Rick Reid  16:46  
You were a professor at Hofstra at the time, right?

Herb Deutsch  16:49  
Yes, yeah, absolutely. I had been a professor at Hofstra for what I did was in my second year of teaching, did

Rick Reid  16:56  
you use the Theremin in your classroom,

Herb Deutsch  16:58  
I used it to some degree once I had gotten it assembled. And then in fact, I bought another Theremin from Bob. And I used it in the classroom a little bit. The problem was getting it and the students to relate well enough to deal with ear training, which is what naturally you'd want to use the Theremin for the idea of sight reading and ear training.

Rick Reid  17:22  
When you were teaching. Did you introduce the Theremin two generations of students? Or was it just back in the 60s

Herb Deutsch  17:29  
I taught at Hofstra for 57 years. I did not retire from teaching until about five years ago and then the university four years ago actually. And I always taught at least once every semester, a course on the history of electronic music. You know the importance of the growth of electronic music and the music industry. And I always talked about the Theremin or had to play to show

Rick Reid  18:01  
you eventually did Meet Bob Mogae because of the Theremin. Is that right?

Herb Deutsch  18:05  
Oh, absolutely. After I made that phone call. I did Meet Bob Moke. And I was in my third year of teaching, but I was a kid. I actually met him at the New York State Education conference, which was going on in Rochester. So he was there to sell Theremin kits, I assume Yeah, Theremin Theremin kits. He was using a room and sharing it with water fear the guy had designed to but that's an odd combination. It was very interesting, because fortunately, no one was in that room at the time except Bob. And there were quite a few of them and sitting on stands. And there were also at least six or eight tubers sitting there looking very lovely. But the guy wasn't there. And he was in fact a tubist and had designed some evidently very good professional tumis which I don't know what happened with that world. Because we'll have to see very shortly became a member of the era mode company and started to work with Bob.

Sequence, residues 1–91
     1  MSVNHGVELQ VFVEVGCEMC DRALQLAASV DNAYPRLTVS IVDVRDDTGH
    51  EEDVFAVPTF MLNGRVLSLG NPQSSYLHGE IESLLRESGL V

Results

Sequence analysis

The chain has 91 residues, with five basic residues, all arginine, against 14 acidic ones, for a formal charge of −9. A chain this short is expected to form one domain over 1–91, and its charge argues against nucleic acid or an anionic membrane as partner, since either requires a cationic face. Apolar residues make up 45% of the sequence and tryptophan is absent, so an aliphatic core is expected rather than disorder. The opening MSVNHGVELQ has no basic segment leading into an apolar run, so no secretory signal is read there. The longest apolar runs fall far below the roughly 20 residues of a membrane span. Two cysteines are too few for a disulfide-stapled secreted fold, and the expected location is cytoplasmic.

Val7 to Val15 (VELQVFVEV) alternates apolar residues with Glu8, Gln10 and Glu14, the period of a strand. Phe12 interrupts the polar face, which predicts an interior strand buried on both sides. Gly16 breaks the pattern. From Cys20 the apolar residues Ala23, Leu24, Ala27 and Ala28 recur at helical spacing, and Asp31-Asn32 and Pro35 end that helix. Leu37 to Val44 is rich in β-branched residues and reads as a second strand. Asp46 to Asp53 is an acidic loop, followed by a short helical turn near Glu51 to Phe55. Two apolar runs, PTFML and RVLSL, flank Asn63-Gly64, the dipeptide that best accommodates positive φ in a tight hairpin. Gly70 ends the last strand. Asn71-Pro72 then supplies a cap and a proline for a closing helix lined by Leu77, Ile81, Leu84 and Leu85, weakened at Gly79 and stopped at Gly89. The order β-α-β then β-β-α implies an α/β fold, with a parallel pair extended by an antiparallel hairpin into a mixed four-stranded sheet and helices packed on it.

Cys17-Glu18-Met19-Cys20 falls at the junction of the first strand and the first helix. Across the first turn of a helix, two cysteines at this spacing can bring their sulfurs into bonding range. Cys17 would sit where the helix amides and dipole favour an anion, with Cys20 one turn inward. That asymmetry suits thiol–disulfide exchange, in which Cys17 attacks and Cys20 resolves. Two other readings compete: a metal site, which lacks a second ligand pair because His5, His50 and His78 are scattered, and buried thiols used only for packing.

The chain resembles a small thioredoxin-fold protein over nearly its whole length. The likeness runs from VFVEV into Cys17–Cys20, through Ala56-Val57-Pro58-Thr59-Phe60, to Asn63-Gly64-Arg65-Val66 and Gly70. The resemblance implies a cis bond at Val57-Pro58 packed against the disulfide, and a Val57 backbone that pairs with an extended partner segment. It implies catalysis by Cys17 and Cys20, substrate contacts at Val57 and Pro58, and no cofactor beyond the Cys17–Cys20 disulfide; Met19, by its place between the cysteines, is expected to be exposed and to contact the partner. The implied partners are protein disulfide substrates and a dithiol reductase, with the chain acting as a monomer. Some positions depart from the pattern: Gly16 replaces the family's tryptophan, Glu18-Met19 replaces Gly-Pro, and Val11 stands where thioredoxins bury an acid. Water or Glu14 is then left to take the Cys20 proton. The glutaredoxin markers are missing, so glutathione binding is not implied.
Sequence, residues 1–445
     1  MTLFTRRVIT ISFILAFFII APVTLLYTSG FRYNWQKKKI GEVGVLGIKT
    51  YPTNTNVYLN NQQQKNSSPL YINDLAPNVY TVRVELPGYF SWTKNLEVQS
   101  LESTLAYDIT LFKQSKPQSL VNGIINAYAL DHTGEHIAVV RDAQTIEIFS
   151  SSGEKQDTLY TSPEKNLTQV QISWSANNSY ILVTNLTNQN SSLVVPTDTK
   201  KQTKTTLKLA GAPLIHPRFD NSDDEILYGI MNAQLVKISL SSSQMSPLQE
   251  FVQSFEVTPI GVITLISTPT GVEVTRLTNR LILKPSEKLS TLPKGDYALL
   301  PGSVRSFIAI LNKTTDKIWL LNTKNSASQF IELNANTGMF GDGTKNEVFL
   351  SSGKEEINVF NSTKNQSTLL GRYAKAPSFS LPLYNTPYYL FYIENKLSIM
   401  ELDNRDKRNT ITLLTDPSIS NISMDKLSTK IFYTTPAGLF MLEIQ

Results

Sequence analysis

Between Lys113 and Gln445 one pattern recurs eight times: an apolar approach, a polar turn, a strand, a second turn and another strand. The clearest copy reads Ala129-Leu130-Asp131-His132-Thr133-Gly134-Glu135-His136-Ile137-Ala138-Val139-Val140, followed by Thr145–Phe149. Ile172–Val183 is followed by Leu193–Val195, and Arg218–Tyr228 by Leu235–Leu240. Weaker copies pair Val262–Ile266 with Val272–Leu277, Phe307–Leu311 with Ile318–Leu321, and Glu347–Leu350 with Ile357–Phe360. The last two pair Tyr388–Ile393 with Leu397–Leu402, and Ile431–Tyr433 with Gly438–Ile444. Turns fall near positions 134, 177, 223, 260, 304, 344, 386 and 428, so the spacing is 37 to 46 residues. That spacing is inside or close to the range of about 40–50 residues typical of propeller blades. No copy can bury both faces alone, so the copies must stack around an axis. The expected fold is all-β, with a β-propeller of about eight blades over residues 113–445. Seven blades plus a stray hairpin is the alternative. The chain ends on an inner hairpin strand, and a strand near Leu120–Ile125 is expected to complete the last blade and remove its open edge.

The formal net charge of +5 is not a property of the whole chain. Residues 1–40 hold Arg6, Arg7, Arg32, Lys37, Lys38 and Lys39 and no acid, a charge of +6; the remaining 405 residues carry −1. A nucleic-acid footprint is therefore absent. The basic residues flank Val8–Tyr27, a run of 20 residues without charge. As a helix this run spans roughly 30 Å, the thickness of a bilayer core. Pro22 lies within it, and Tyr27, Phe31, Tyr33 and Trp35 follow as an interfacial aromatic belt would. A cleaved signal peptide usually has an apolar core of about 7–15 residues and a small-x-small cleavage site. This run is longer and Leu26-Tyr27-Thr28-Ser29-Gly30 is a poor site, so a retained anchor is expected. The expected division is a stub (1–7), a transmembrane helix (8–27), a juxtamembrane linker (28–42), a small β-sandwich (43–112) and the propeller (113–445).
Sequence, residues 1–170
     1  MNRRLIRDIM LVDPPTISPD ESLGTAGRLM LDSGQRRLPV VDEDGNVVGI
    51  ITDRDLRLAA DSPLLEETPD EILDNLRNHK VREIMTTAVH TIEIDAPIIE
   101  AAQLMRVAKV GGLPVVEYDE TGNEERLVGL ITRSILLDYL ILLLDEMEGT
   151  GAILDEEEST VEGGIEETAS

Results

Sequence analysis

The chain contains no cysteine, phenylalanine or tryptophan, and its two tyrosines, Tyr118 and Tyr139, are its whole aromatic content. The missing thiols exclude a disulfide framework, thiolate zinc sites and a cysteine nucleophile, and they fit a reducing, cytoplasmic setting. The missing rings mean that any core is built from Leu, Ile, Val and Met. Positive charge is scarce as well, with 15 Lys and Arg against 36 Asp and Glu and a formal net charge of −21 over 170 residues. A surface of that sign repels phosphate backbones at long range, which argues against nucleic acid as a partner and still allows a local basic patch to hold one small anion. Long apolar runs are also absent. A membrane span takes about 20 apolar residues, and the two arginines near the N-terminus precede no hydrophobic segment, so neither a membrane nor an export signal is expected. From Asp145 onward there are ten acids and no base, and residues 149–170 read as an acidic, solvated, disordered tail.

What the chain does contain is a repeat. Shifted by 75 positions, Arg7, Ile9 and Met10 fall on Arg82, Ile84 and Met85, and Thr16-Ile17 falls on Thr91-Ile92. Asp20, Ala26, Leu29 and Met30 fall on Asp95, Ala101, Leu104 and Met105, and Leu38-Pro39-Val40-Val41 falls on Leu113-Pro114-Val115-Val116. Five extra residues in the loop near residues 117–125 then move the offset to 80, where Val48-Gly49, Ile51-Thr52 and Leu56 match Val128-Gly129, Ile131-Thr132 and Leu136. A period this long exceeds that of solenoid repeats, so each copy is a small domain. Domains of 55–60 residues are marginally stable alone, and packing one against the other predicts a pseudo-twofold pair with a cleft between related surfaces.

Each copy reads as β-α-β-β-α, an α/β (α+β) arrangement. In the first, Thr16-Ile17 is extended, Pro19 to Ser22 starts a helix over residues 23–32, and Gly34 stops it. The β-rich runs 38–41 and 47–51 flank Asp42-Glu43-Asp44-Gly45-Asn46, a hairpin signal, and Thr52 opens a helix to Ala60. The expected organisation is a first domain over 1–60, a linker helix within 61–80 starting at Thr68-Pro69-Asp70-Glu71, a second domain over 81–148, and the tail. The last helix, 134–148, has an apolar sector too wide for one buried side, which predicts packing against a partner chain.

Rick Reid  19:14  
Now that led to you working with Bob on his modular synthesizers.

Herb Deutsch  19:19  
Oh yeah. I actually was called to go up there to look through and evaluate the development of the instruments. But I was still teaching at Hofstra and I live on Long Island. So I worked it out for a couple of years as a part time job where once every single week, I would fly up to ethica where the plant was, so I went back and forth and I continue that relationship until the mug company called me and asked me if I would be willing to go up there with more of a full Hi, i'm john. I was a member of the gray monk company until the end of the 1970s.